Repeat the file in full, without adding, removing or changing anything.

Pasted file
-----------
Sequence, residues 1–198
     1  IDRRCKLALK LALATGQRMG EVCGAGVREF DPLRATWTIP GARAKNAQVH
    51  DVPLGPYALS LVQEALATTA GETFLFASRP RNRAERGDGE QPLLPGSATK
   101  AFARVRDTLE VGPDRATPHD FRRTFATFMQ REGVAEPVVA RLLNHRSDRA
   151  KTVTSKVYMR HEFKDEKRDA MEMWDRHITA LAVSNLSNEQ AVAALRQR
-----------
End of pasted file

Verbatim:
Sequence, residues 1–198
     1  IDRRCKLALK LALATGQRMG EVCGAGVREF DPLRATWTIP GARAKNAQVH
    51  DVPLGPYALS LVQEALATTA GETFLFASRP RNRAERGDGE QPLLPGSATK
   101  AFARVRDTLE VGPDRATPHD FRRTFATFMQ REGVAEPVVA RLLNHRSDRA
   151  KTVTSKVYMR HEFKDEKRDA MEMWDRHITA LAVSNLSNEQ AVAALRQR